First come, first served - examining limitation defences in claims under the Water Act

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In Steedman v Greater Western Water Corporation [2023] VCAT 128, the applicant homeowner brought a claim for compensation, including damages plus interest and costs, under ss 157(1) and 19 of the Water Act 1989 (Vic) (Water Act) in relation to a flow of water.

Greater Western Water denied liability and argued that the claim was statute barred by reason of the six-year limitation period under the Limitation of Actions Act 1958 (Vic) (Limitation Act). Heard by the Victorian Civil and Administrative Tribunal (VCAT), VCAT was required to determine whether the cause of action under the Water Act was subject to the six-year limitation period under the Limitation Act.

Conflicting decisions

The Tribunal was tasked with reconciling two conflicting Supreme Court authorities including Lanigan v Circus Oz & Ors [2022] VSC 35 (Lanigan) and Osborne J in Ajaimi v Giswick Pty Ltd [2022] VSC 131 (Ajaimi).

Lanigan: In Lanigan, Supreme Court of Victoria Justice McDonald J held that the six-year limitation period under the Limitation Act did not apply to a statutory claim for compensation because the Tribunal is not a court for the purposes of the definition of 'action'.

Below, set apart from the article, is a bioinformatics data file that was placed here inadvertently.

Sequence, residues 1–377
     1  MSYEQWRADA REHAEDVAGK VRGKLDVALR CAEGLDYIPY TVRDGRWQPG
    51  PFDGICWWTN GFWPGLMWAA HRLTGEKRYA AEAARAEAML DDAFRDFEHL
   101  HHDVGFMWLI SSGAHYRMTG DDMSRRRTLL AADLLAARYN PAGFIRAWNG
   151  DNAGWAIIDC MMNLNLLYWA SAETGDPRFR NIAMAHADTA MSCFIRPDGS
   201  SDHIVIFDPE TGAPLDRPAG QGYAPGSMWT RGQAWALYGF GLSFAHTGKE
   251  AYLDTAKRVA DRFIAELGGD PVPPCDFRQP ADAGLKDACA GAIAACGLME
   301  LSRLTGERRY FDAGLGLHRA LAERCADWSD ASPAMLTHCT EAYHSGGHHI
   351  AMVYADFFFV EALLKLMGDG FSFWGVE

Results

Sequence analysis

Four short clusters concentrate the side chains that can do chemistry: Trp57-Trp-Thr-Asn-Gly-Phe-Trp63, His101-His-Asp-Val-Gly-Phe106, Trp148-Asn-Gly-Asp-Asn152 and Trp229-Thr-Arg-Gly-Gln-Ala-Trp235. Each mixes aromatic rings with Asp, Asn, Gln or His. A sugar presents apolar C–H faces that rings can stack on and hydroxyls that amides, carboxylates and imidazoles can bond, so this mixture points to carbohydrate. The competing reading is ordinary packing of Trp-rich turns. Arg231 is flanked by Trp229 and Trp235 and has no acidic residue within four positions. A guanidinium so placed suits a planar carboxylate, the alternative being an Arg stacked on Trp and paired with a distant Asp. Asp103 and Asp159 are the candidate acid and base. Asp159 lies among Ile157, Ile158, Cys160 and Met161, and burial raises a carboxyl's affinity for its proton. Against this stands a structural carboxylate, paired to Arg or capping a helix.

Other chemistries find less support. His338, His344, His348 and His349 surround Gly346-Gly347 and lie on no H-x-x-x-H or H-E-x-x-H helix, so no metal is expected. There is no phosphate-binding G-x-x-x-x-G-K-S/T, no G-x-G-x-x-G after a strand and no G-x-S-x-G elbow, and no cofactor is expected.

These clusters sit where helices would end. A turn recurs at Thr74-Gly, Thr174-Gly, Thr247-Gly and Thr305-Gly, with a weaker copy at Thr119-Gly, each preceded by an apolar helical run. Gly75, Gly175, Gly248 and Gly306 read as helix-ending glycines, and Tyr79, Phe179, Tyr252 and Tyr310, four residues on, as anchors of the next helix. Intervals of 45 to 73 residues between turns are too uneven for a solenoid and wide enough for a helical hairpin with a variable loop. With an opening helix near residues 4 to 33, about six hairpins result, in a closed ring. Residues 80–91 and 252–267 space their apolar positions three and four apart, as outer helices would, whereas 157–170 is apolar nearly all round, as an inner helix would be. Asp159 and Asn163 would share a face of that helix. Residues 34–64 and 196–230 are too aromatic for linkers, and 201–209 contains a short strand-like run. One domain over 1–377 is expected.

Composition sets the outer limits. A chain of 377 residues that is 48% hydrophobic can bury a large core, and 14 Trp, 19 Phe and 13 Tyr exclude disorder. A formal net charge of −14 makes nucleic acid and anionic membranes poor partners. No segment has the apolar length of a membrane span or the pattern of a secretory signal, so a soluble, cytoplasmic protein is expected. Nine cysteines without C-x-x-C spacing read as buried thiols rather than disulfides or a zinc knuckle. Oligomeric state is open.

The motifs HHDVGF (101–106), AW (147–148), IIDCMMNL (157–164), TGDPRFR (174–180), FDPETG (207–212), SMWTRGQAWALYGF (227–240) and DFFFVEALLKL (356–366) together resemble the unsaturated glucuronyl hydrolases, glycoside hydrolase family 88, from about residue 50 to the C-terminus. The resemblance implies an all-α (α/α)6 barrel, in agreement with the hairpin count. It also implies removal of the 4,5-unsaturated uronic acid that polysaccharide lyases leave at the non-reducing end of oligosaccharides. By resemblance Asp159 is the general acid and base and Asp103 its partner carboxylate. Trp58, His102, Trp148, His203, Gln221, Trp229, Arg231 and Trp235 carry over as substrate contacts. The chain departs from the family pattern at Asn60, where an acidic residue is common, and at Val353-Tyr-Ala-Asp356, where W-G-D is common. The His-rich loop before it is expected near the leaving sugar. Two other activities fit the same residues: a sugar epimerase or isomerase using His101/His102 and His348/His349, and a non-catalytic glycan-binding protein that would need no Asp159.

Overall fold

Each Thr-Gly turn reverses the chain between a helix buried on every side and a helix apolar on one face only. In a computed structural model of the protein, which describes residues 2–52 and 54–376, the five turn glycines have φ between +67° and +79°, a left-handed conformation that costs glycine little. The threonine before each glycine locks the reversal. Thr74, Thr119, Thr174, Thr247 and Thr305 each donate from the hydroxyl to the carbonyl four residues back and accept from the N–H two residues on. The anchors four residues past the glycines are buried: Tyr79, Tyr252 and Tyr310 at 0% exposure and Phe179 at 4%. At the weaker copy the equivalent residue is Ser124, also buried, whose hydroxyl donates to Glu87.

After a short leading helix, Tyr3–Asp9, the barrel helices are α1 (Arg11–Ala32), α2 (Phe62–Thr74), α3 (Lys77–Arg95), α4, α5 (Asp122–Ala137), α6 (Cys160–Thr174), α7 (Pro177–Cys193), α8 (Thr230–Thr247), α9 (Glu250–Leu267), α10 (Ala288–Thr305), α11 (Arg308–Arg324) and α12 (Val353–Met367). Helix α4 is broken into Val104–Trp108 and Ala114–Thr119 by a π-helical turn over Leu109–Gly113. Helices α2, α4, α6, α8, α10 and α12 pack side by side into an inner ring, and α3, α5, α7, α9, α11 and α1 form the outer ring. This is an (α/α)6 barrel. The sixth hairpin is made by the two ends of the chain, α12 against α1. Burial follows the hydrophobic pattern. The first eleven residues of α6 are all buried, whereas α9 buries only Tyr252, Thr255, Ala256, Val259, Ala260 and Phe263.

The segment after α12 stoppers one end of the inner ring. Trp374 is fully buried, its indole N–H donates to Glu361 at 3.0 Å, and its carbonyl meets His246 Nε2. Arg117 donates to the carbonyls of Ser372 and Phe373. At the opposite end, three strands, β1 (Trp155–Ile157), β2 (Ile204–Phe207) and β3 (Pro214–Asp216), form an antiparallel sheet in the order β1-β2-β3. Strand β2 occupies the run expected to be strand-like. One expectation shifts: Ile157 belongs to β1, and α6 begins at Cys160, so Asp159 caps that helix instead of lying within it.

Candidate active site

Ajaimi: In Ajaimi, Justice Osborne of the Supreme Court of Victoria held that a contractual claim brought by a tenant for damages arising from water and sewerage ingress to leased property was subject to the Limitations Act. Osborne J found that the definition of ‘action’ was inclusive and not limited to proceedings brought in a court.

Where there are two decisions from the same court, and the latter appears not to have followed the earlier one, the earlier decision must be followed unless it is plainly wrong. However, the Tribunal, being a jurisdiction of lower order in the hierarchy, does not have the option of making such a finding. This is a matter to be addressed in an appeal.

The Tribunal followed the earlier decision of Lanigan and found that the applicant homeowner's cause of action under the Water Act was not the subject of the Limitations Act, and the limitations defence did not apply.

Key considerations

Litigants should be aware that VCAT is not a court and the same rules or defences will not always apply. Jurisdictional issues may also arise. When a dispute arises, litigants should carefully consider whether VCAT is the appropriate forum for their dispute in particular circumstances.

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